independent and unofficial
Prince fan community site
Wed 21st Aug 2019 6:43am
Welcome! Sign up or enter username and password to remember me
Forum jump
Forums > Politics & Religion > Bay Area subway asked wireless operators to suspend service before protest
« Previous topic  Next topic »
  New topic   Printable     (Log in to 'subscribe' to this topic)
Author

Tweet     Share

Message
Thread started 08/12/11 1:45pm

V10LETBLUES

Bay Area subway asked wireless operators to suspend service before protest

The interenet has been quite a nifty tool for comanding the masses. Easy to see why Iran, China and North Korea clamp down on it.

Twitter/social media was called out as the single biggest factor in Mubarak's ouster. Some have called what happened in Tunisia and Egypt the “Facebook Revolution.”

http://www.fastcompany.co...g-in-egypt

Shaping the narrative

In situations of chaos, the upper hand goes to the group that can shape a narrative and get it to stick. History is written by the victors, after all--now, even in real time. When looting began over the weekend, the narrative could easily have shifted in favor of the government: Hooligans were turning the city upside down. Order needed to be restored. Clamp down.

But word started getting out via Twitter that hastily arranged neighborhood watch groups were apprehending looters who, it turned out, had police IDs on them. This might or might not have been true--it wasn’t possible to confirm the statements--but it certainly shed a different light on the looting. Certainly, other regimes have been known to hire young men to go out and toss a city, to make it look like protesters have turned ugly, giving them an excuse to clamp down.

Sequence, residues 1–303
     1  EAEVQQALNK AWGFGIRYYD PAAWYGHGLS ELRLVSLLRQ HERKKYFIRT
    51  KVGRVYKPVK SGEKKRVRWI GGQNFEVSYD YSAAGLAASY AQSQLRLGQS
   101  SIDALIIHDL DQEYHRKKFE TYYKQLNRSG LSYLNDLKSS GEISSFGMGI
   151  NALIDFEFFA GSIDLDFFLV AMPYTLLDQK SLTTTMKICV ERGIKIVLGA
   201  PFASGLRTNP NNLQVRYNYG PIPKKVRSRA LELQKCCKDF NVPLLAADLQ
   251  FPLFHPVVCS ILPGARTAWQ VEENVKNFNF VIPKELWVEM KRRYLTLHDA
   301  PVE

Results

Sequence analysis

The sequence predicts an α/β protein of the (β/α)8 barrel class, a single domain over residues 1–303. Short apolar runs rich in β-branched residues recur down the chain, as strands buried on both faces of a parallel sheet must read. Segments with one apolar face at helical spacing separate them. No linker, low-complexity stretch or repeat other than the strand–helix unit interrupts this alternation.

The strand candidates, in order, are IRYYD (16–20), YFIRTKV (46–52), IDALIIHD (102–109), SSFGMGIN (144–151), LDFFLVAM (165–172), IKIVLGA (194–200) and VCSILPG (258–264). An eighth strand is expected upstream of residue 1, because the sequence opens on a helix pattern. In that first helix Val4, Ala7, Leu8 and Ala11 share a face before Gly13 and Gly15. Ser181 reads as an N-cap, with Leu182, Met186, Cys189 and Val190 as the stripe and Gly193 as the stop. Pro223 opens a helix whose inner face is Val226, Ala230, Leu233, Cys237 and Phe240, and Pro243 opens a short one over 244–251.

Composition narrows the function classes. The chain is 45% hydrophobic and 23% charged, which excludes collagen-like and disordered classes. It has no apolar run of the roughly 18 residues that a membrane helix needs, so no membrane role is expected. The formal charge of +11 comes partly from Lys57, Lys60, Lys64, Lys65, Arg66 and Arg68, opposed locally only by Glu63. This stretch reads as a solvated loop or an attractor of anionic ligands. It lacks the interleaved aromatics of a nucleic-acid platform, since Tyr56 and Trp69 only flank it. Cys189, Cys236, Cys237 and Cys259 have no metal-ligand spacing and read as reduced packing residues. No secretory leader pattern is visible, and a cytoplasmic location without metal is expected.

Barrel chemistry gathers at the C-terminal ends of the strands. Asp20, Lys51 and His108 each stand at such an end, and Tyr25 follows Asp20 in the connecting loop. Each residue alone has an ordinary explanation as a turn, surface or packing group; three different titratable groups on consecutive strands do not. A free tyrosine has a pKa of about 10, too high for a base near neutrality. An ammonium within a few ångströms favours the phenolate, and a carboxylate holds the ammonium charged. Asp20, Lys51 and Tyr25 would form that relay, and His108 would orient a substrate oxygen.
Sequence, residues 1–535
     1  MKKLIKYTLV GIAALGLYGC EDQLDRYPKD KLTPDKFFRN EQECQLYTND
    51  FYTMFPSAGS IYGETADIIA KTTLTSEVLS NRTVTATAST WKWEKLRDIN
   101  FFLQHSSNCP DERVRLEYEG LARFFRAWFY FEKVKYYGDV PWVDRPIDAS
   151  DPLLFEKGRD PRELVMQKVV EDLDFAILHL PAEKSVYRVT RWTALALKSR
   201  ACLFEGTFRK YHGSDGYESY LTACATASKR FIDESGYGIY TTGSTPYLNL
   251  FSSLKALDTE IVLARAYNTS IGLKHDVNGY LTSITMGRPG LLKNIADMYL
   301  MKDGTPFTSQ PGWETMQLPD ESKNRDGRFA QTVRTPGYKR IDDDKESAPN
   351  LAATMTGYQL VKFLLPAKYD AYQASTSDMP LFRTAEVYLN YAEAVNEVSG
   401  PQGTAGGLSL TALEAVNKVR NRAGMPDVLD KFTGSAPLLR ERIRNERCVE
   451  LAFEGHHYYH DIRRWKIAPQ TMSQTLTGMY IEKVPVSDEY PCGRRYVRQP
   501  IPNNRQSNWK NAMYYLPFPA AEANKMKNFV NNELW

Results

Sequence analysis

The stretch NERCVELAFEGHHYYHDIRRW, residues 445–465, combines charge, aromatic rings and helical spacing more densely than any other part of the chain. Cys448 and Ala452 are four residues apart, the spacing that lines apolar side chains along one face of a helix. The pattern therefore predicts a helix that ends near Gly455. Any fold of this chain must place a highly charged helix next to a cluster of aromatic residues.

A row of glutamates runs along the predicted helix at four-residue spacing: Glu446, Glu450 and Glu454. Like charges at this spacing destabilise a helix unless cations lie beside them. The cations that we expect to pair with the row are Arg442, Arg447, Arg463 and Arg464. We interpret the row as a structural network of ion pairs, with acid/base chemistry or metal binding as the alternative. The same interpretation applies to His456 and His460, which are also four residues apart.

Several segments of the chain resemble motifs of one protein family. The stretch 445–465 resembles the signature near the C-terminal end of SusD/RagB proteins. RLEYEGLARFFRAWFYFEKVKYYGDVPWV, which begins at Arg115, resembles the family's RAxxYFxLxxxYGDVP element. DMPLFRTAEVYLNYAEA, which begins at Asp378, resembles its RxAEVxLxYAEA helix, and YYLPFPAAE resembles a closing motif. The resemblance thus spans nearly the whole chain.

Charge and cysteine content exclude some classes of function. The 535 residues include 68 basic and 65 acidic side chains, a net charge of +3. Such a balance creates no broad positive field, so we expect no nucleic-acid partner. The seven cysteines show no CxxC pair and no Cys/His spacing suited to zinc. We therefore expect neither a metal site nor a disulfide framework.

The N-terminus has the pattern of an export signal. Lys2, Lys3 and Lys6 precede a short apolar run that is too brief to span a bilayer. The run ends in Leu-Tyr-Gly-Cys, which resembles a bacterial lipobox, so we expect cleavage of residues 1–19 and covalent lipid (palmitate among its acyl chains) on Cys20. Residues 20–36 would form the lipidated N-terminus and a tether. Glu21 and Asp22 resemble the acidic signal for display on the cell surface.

But the tweets belied that narrative. And indeed, on Saturday, a New York-based Egyptian blogger interviewed by CNN, suggested as much. She “appealed to the media to not fall for what she described as a Mubarak regime plot to make the protests in Egypt seem like dangerous anarchy,” according to the New York Times’ blog The Lede. “I urge you to use the words ‘revolt’ and ‘uprising’ and ‘revolution’ and not ‘chaos’ and not ‘unrest," she said. "We are talking about a historic moment.” The narrative was reset. Soon thereafter, CNN changed its on-screen headlines from “CHAOS IN EGYPT” to “UPRISING IN EGYPT

In London the narrative has been easier to manage, calling out Blackberry and other social media as the "enabler" of the chaos was a little easier to swallow by some.

So the chapter on the subject is just beginning.

Bay Area subway asked wireless operators to suspend service before protest

The operators of the Bay Area Rapid Transit subway system asked wireless providers to suspend service in four downtown San Francisco stations to prevent activists from protesting in stations last night, a BART spokesman said today.

"BART asked wireless providers to temporarily interrupt service at select BART stations as one of many tactics to ensure the safety of everyone on the platform," said a statement provided to CNET via e-mail by James Allison, deputy chief communications officer for BART.

"Cell phone service was not interrupted outside BART stations," said the statement. "In addition, numerous BART Police officers and other BART personnel were present during the planned protest, and train intercoms and white courtesy telephones remained available for customers seeking assistance or reporting suspicious activity."

Cell service was suspended from about 4 p.m. to 7 p.m. PT in Embarcadero, Montgomery Street, Powell Street and Civic Center BART stations, he said.

Asked to comment on whether the move was legal, Allison told CNET:"We are well within our legal rights."

The suspension of cell service prevented protesters from organizing and the protest failed to materialize.

Activists had planned to protest the fatal shooting of Charles Blair Hill, who BART police said went after them with a knife before an officer shot him on July 3. A protest about a week later disrupted service on BART.